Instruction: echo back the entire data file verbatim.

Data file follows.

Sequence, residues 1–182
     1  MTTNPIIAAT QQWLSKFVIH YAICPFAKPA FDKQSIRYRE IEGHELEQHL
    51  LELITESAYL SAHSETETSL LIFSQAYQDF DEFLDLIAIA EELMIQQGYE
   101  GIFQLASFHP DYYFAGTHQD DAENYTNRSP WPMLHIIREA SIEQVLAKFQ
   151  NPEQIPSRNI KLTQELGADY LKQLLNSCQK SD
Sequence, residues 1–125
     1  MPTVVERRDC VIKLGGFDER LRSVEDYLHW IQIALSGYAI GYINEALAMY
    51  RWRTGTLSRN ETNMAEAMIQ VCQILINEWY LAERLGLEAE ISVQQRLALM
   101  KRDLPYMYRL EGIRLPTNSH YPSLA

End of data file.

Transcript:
Sequence, residues 1–182
     1  MTTNPIIAAT QQWLSKFVIH YAICPFAKPA FDKQSIRYRE IEGHELEQHL
    51  LELITESAYL SAHSETETSL LIFSQAYQDF DEFLDLIAIA EELMIQQGYE
   101  GIFQLASFHP DYYFAGTHQD DAENYTNRSP WPMLHIIREA SIEQVLAKFQ
   151  NPEQIPSRNI KLTQELGADY LKQLLNSCQK SD
Sequence, residues 1–125
     1  MPTVVERRDC VIKLGGFDER LRSVEDYLHW IQIALSGYAI GYINEALAMY
    51  RWRTGTLSRN ETNMAEAMIQ VCQILINEWY LAERLGLEAE ISVQQRLALM
   101  KRDLPYMYRL EGIRLPTNSH YPSLA